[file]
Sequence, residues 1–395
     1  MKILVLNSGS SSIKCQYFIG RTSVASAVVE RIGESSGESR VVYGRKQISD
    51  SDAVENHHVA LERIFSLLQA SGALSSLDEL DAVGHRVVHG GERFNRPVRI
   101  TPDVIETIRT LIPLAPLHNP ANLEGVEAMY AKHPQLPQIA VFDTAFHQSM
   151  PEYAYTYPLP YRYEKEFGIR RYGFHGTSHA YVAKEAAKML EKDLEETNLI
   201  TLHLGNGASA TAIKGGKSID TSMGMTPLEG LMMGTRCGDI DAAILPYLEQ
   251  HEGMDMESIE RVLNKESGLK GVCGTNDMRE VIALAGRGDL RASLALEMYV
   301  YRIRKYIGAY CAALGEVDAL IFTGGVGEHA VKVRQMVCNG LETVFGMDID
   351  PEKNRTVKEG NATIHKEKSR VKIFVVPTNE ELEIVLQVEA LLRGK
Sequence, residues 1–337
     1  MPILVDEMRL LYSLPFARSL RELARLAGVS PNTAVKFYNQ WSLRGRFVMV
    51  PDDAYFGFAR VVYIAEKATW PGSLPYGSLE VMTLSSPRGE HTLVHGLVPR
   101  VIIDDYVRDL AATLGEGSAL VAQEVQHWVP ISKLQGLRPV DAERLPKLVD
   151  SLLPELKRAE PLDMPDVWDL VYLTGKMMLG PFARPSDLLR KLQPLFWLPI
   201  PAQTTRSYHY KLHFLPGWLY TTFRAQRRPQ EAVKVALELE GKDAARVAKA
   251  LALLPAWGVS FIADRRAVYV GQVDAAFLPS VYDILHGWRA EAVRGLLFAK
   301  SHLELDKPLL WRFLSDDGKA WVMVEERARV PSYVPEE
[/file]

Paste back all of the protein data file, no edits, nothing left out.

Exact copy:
Sequence, residues 1–395
     1  MKILVLNSGS SSIKCQYFIG RTSVASAVVE RIGESSGESR VVYGRKQISD
    51  SDAVENHHVA LERIFSLLQA SGALSSLDEL DAVGHRVVHG GERFNRPVRI
   101  TPDVIETIRT LIPLAPLHNP ANLEGVEAMY AKHPQLPQIA VFDTAFHQSM
   151  PEYAYTYPLP YRYEKEFGIR RYGFHGTSHA YVAKEAAKML EKDLEETNLI
   201  TLHLGNGASA TAIKGGKSID TSMGMTPLEG LMMGTRCGDI DAAILPYLEQ
   251  HEGMDMESIE RVLNKESGLK GVCGTNDMRE VIALAGRGDL RASLALEMYV
   301  YRIRKYIGAY CAALGEVDAL IFTGGVGEHA VKVRQMVCNG LETVFGMDID
   351  PEKNRTVKEG NATIHKEKSR VKIFVVPTNE ELEIVLQVEA LLRGK
Sequence, residues 1–337
     1  MPILVDEMRL LYSLPFARSL RELARLAGVS PNTAVKFYNQ WSLRGRFVMV
    51  PDDAYFGFAR VVYIAEKATW PGSLPYGSLE VMTLSSPRGE HTLVHGLVPR
   101  VIIDDYVRDL AATLGEGSAL VAQEVQHWVP ISKLQGLRPV DAERLPKLVD
   151  SLLPELKRAE PLDMPDVWDL VYLTGKMMLG PFARPSDLLR KLQPLFWLPI
   201  PAQTTRSYHY KLHFLPGWLY TTFRAQRRPQ EAVKVALELE GKDAARVAKA
   251  LALLPAWGVS FIADRRAVYV GQVDAAFLPS VYDILHGWRA EAVRGLLFAK
   301  SHLELDKPLL WRFLSDDGKA WVMVEERARV PSYVPEE